March 14, 2018 1:20 pm
Updated: March 14, 2018 1:50 pm

Port Hope man completes solo row across Atlantic Ocean in support of Community Living Ontario

Colin Sanders of Port Hope spent nearly three months on the Atlantic Ocean, rowing by himself from the Canary Islands to Antigua to help Community Living Ontario, a group that assists people with intellectual disabilities.

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A Port Hope man’s treacherous three-month solo journey across the Atlantic Ocean has raised thousands of dollars to support people with intellectual disabilities.

Colin Sanders’s nearly 4,000 kilometre solo row wrapped up on March 2 as he was greeted by ship’s horns when he rowed into English Harbour in the Caribbean island of Antigua — 83 days earlier (Dec. 10) he had left in his craft from Puerto de Morgan in the Canary Islands.

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“I wanted something that was outside my comfort zone,” Sanders said on Tuesday in Port Hope.

“I think the ocean row was definitely that because I had no experience whatsoever.”

His “A Million Possibilites: Solo Ocean Row 2017” launched after two years of training. On average, he rowed 12 hours a day and endured the wrath of Mother Nature.

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But even after capsizing once in 25-foot waves, enduring equipment challenges and battling food poisoning, Sanders says the solitude was the most grueling.

“I think the toughest thing for me at sea was just the time out there,” said the 64 year old. “It was long time to be alone.”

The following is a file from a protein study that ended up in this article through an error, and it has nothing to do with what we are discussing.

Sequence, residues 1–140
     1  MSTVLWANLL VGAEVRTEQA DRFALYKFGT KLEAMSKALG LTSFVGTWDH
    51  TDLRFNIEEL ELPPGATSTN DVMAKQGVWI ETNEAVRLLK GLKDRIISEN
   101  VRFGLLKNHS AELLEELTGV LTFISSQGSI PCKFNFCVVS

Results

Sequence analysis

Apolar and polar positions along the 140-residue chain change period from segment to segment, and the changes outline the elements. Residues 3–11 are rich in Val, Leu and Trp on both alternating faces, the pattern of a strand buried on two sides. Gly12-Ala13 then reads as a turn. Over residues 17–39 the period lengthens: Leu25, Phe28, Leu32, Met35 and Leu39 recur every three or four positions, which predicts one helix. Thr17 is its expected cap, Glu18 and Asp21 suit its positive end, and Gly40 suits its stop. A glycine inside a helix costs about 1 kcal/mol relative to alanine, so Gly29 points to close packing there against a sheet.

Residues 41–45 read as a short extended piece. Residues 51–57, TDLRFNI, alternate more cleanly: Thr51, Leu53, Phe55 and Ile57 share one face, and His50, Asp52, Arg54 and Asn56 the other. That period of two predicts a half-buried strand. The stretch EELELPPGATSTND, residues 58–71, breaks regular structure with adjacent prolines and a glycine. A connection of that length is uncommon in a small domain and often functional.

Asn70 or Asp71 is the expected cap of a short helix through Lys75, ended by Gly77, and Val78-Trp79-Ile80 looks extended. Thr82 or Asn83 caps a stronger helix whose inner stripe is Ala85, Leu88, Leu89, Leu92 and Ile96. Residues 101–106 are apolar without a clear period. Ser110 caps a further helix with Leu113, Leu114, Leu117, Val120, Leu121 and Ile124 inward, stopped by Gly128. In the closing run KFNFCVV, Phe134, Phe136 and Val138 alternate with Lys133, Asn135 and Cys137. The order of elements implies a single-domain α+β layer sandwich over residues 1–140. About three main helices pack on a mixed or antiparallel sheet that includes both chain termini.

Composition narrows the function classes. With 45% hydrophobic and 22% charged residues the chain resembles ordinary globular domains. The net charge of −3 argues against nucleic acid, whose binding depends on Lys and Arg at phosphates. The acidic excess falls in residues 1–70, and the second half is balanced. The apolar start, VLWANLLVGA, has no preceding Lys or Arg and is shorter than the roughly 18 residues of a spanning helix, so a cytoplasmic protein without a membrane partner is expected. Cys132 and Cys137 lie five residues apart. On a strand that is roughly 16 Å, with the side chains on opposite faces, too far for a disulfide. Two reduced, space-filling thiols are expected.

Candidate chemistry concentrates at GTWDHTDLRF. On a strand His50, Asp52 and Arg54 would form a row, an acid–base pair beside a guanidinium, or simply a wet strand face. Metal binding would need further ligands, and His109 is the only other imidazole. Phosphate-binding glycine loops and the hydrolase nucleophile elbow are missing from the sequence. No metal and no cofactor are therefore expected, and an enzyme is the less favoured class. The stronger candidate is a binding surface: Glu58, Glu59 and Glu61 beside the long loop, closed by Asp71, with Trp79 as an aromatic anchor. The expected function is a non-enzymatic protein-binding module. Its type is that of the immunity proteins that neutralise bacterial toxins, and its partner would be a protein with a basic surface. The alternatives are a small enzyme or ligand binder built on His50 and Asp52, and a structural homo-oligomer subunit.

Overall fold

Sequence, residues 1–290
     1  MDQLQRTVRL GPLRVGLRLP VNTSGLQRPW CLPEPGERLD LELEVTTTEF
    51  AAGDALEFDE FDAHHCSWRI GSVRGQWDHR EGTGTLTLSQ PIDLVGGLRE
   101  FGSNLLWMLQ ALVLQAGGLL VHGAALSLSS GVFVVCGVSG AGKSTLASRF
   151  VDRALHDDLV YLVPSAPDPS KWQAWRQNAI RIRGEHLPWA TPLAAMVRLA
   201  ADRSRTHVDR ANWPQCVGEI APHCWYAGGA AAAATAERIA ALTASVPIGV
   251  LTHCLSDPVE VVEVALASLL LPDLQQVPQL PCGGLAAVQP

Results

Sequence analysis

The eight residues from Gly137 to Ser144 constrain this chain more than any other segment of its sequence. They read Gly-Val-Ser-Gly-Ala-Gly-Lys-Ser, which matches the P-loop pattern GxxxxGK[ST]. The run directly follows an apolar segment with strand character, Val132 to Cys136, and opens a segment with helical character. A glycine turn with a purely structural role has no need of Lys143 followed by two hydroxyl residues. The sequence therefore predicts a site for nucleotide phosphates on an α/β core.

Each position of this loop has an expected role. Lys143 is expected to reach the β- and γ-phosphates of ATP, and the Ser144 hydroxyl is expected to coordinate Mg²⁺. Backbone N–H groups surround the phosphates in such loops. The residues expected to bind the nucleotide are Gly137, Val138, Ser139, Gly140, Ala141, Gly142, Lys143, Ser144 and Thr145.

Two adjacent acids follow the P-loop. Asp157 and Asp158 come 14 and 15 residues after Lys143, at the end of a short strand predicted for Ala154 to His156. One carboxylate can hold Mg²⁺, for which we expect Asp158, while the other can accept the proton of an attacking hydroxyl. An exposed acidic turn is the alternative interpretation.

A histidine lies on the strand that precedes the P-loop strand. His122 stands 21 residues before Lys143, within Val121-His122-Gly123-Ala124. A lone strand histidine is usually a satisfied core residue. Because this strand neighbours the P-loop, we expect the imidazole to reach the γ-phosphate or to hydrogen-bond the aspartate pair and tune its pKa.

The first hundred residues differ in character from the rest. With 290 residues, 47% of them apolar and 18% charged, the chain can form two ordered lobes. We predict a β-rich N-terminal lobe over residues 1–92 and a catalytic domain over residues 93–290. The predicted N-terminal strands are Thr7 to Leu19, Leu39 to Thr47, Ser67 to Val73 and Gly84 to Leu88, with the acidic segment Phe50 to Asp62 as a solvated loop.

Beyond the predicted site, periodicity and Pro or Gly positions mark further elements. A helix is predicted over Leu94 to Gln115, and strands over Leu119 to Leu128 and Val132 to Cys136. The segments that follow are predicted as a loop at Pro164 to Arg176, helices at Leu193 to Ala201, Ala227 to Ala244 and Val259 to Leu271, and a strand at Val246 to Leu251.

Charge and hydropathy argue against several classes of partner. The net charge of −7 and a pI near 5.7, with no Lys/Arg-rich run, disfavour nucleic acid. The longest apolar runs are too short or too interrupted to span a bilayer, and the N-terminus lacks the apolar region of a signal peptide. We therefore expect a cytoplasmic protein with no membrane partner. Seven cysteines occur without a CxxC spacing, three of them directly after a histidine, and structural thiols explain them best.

The bouts of isolation were broken with memorable moments aboard Socks II, a 21-foot row boat not much bigger than a canoe.

“A couple times I had a very large swordfish come and circle the boat, looking at trying to get at the fish hiding under the boat,” he said. “And there was zero light pollution, almost like there were LEDS in the stars.”

His journey was chronicled online and helped raise more than $145,000 for Community Living Ontario — a group which supports people with intellectual disabilities. Among them is his adult son Jeff, who is supported by the branch in Cobourg.

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“More people have been to space than have rowed across the Atlantic Ocean by themselves,” said Ron Laroche, Community Living Ontario’s director of communications, marketing and fund development.

“Colin’s adventure illustrates that we can all achieve great things with adequate preparation, the proper support and sheer determination.”

Sanders can add his name to a short list of 30 others who have completed the solo trans-Atlantic row.

But would he do it again?

“Not a chance,” he laughed.

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